Bork’s Lasting Impact on the Modern Supreme Court Confirmation Process

BY Jason M. Breslow  June 25, 2010 at 4:30 PM EDT

With the confirmation hearings for Supreme Court nominee Elena Kagan set to begin, the Rundown turned to the NewsHour’s regular high court analyst, Marcia Coyle of the National Law Journal, for some historical perspective on the confirmation process and what to expect this time around.

In an interview with Hari Sreenivasan, Coyle said that much of the modern confirmation process was shaped by Judge Robert Bork’s candidness during his hearings, leading to a failed confirmation vote in 1987. She also said the partisan tenor of confirmations most notably began with Justice Clarence Thomas and has largely remained to date. Presidents have also started to pick nominees with less of a paper trail that could derail their confirmation, she said.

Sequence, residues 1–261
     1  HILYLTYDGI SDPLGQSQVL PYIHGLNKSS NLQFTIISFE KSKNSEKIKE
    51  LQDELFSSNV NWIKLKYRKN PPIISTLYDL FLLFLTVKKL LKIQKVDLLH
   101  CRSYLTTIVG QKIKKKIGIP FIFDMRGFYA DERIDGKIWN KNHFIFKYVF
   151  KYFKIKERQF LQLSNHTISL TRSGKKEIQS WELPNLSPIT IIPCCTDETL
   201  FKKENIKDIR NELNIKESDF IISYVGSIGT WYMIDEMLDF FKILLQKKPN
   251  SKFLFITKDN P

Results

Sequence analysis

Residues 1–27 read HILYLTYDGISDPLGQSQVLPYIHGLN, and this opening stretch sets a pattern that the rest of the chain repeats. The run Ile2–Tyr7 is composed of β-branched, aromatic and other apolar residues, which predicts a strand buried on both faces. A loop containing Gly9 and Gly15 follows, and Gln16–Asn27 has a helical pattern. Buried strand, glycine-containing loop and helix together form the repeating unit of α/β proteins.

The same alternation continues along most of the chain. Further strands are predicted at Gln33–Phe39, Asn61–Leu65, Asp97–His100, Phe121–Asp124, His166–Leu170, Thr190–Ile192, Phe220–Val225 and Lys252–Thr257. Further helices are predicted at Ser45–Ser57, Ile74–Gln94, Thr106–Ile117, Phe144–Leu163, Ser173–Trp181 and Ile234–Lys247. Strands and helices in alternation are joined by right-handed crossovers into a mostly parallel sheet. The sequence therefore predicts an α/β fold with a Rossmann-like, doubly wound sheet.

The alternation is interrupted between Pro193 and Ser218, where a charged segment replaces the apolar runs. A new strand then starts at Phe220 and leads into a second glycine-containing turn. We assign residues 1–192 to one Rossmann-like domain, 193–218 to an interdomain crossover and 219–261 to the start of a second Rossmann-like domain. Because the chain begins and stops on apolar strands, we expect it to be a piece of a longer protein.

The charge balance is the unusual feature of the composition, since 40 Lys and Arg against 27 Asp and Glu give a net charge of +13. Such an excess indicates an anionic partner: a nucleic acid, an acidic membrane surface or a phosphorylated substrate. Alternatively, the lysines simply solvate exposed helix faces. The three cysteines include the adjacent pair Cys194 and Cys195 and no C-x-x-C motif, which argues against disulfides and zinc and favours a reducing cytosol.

Watch a look back at NewsHour coverage of some of the key developments in how the Supreme Court nomination process has been shaped over the past 30 years.